When I was in tenth grade, I was giddy at the prospect of finally getting to cover WWII in a class. The subject had been of interest for me since I was eight years old and my Dad took me on "45-minute walks" to tell me the story of the war. By age ten, I was reading books about it. So you might imagine my disappointment when in 5th grade and then again in 7th, we had "American History" and never got to the war. In fact, my 7th grade teacher, Mrs. Fluker (RIP), got to the Civil War in the final w When I was in tenth grade, I was giddy at the prospect of finally getting to cover WWII in a class. The subject had been of interest for me since I was eight years old and my Dad took me on "45-minute walks" to tell me the story of the war. By age ten, I was reading books about it. So you might imagine my disappointment when in 5th grade and then again in 7th, we had "American History" and never got to the war. In fact, my 7th grade teacher, Mrs. Fluker (RIP), got to the Civil War in the final week of school and then decided to give us a lecture on the early history of photography, which we dubbed "Daguerrotyping with Donnis." So when I got to 10th grade AP American History, I was really excited (as only a history nerd can) about finally getting to learn about WWII, not that I thought I needed to know anything else about it. Our first book for the class was "A People's History of the United States" by Howard Zinn. I was thrilled to get to the chapter on WWII, the prospect of finally getting to cover my favorite academic subject, and was mortified to spend the next hour of my life reading about strikes. No battles, no campaigns, no invasions, just discord between virtuous workers and exploitative bosses. I mention this background because Freedom's Forge is the total inverse of Zinn's chapter on WW2. The people who won WWII, according to Arthur Herman, are not MacArthur, Nimitz, Patton, and and Eisenhower, but William Knudsen and Henry Kaiser. These two, along with numerous other executives, led an awe-inspiring effort to build an incredible number of planes, ships, tanks, and other war materials. They did so without a central planner in Washington commanding businesses to make certain products on certain schedules. Instead, Herman argues that they simply facilitated American business performing the task itself, with certain large businesses deciding to build equipment requested by the military. In essence, the government gave the businesses a task and paid the bills, leaving the titans of industry to figure out the best way to build the vast quantities of material that was used by the US, UK, and USSR. Causing Zinn to turn over in his grave, Herman is ruthlessly critical of organized labor, portraying them as enemies of production. At numerous turns, Herman states that unions went on strike and thereby jeopardized the war effort. He states that a number of the unions were led by Communist sympathizers who did not want production to be too great when the USSR and Nazis were allies, without examining that the implication would be that these agents would then want to maximize production as soon as the USSR was invaded and American supplies (especially trucks and radios) became critical to the Soviet war effort. He also argues that a number of the strikes were squabbles between unions, as that is less sympathetic than the notion that workers wanted better conditions and more pay. Herman cites a line from Adam Smith that bakers and butchers don't make food for altruistic reasons, but rather because of their desire to make money. He uses that line to justify businesses making profits during the war, but the same justification could be used to justify workers wanted better wages. He also cites an incredible statistic that twenty times more men and women were killed or injured in 1942-43 in industrial accidents than were killed or injured in combat. That stat is not especially complimentary of the factory operators whom Herman is lionizing. It's also a great advertisement for OSHA and the tort system. The description of how various businesses overcame challenges to hit and exceed production targets is fascinating. Two instances stand out. The first is Kaiser's construction of Liberty Ships, which Kaiser achieved by creating a standard, simple design and then letting his Richmond (CA) and Portland shipyards compete to see who could improve the manufacturing process the fastest, with the former winning the competition by making a Liberty Ship in four days and change. Herman doesn't ignore the fact that the Liberty Ships went through a period where they were splitting apart at the seams (lesson from the book: welding is better than using rivets, but you have to do the welding right or else bad shit happens), but he notes that Kaiser's team eventually solved the problem and many of the Liberty Ships were still on the seas two decades later. The second is the production of the B-29. Herman covers the creation of the famous B-24 plant at Willow Run (near Ypsilanti, which became known as Ypsitucky because of the number of Kentuckians who moved there to get jobs), and then was improved upon at Wichita with a production process for the B-29, which was a far more advanced bomber than the B-17 or B-24. (B-29s were also made by Bell in Marietta, a factory that was initially a failure and then turned out to be one of the best of the war.) It was bigger, faster, had a bigger bomb load (General Groves asked for that specifically from General Arnold because he was aware of the special weapon that was being produced in New Mexico and would need the capacity of the B-29 for delivery), was pressurized so it could fly higher, and had an automated gunnery system. Because of the technical issues involved in creating a plane of such dimensions, the B-29 had engine issues, i.e. they overheated constantly, especially when deployed to hot climates like, say, India, Burma, China, and the South Pacific. In peacetime, these technical issues would have taken years to solve, but with the pressure of needing to win a war on two fronts, they were solved quickly. The B-29 leads to two additional items of interest. First, the plans were made before Pearl Harbor. It's to FDR's credit that he saw WW2 coming years in advance, even when American public opinion was strongly opposed to getting involved. The task of ramping up for production would have been significantly tougher with an isolationist president. Second, Herman describes the process by which General Lemay figured out his strategy for razing Japan: he needed incendiaries rather than normal explosives and he needed his B-29s to fly lower. Unusually for an Ohio State graduate, he was exactly right. Herman ties Lemay to the story of the manufacturing process by noting that Kaiser's business had stumbled upon "goop," made from magnesium and useful in cleaning, which turned out to be highly flammable and quite adhesive. A few tests later, we had a highly effective incendiary weapon. Herman does not refer to it as napalm, mainly because proper napalm was invented by DuPont using petroleum rather than magnesium and turned out to be a more effective device in burning Japan. That's outside of his narrative. Herman also omits some details in his effort to lionize his subjects. He lovingly describes the process by which the M-3 Grant was developed and produced without mentioning the fact that it was a terrible design. He also described how effective the P-51 Mustang was with the Merlin engine, but although Herman doesn't shy away from the fact that the Merlin was a British design, he omits the fact that it was the British who figured out that pairing the engine with the P-51 created an exceptional fighter. My more fundamental criticism of Herman is that he is jingoistic in describing American production successes being unique in the war. He concludes that the US stayed away from a planned economy and that caused the US to produce more than the other combatants combined. He omits the fact that the US was bigger than all of the other participants and, crucially, was untouched during the war, which meant no bombs falling on factories or invading forces. It's pointless to compare the feats of American and Soviet industry when the Soviets had to relocate a large number of their factories across the Urals because of the German invasion. Herman concludes that American business won the war, but he never attempts to grapple with the advantages that it had over the other combatants. Moreover, Herman cites Richard Overy's "Why the Allies Won" in his acknowledgments, but that book paints a picture very different than Herman's dismissal of any non-Americans. Overy states that "the Soviet economy outproduced the German economy from a resource base a good deal smaller and with a workforce far less skilled," which he concludes is a "remarkable achievement" that might be the result of the Soviets' centrally planned economy and repressive state. In the end, Overy notes the common factors in the American and Soviet successes in producing, which contradicts Herman's point-of-view. Herman's POV runs away with him in the conclusion, when he claims that New Dealers tried to take credit for war production ending the Depression and that the economic boom after the war vindicated Keynes. Herman disagrees with this point, but doesn't explain why. In fact, the book stands as a vindication of Keynes. The US economy had substantial excess capacity, which the government filled by placing a massive amount of orders for military goods. As a result, unemployment vanished and the economy boomed. When the war ended, industry converted to peacetime production and the pent-up demand sustained the boom. This is exactly what Keynes would prescribe: the government stimulating demand during a downturn by spending. The fact that the orders were placed with private businesses as opposed to the government employing workers itself is immaterial. Add in the fact that the massive expansion during the war took place in an environment of high top tax rates (note that, supply-siders) and Herman's book supports Keynesianism, not the reverse. Overall, this is an enjoyable read. I plowed through it in a little over a week. The stories of how businesses ramped up their production are interesting. One should just take a lot of what Herman says about unions, government, and other countries with a grain of salt. He's hardly impartial on these subjects. Just as Zinn and his ilk have to be read with the understanding that they are advocates, the same is true with Herman.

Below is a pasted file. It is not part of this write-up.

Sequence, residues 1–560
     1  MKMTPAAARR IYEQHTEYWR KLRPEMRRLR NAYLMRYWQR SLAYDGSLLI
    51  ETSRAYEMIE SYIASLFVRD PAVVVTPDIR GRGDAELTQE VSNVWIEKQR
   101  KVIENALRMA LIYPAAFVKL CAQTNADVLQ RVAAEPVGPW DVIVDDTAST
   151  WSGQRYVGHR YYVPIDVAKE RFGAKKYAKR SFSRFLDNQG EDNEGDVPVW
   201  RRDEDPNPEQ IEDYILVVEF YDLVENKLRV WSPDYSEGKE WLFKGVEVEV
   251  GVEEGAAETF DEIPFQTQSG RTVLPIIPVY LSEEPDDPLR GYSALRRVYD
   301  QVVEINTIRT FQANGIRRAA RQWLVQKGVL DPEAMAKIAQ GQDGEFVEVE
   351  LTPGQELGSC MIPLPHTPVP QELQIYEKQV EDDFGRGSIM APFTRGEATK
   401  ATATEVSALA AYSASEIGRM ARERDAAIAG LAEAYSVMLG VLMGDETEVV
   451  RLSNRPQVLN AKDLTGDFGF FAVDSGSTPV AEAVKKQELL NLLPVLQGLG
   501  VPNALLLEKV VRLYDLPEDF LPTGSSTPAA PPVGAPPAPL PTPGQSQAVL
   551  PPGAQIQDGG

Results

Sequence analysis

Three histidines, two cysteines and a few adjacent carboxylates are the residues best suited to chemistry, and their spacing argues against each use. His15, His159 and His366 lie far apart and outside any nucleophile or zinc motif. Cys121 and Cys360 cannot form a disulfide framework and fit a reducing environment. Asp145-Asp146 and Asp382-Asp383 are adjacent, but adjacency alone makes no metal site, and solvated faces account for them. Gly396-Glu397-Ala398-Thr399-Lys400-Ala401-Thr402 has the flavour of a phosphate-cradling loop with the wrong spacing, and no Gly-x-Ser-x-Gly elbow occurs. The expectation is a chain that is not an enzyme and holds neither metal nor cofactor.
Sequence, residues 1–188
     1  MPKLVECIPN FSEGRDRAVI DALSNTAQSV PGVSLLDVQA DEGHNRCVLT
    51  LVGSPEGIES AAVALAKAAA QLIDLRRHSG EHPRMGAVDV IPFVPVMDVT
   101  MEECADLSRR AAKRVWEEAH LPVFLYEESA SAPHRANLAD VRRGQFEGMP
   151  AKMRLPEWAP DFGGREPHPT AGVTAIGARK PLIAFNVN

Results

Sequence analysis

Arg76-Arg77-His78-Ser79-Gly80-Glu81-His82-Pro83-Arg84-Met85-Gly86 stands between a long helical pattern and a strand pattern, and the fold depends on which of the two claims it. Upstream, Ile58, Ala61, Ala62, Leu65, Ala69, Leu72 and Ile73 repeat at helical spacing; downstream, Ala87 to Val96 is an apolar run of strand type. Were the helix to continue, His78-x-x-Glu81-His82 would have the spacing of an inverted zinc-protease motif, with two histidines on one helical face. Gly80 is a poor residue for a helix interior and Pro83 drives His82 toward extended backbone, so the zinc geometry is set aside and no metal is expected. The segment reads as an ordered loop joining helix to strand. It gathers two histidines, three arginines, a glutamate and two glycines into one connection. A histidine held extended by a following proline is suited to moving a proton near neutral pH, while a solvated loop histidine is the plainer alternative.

9. 4 out of 5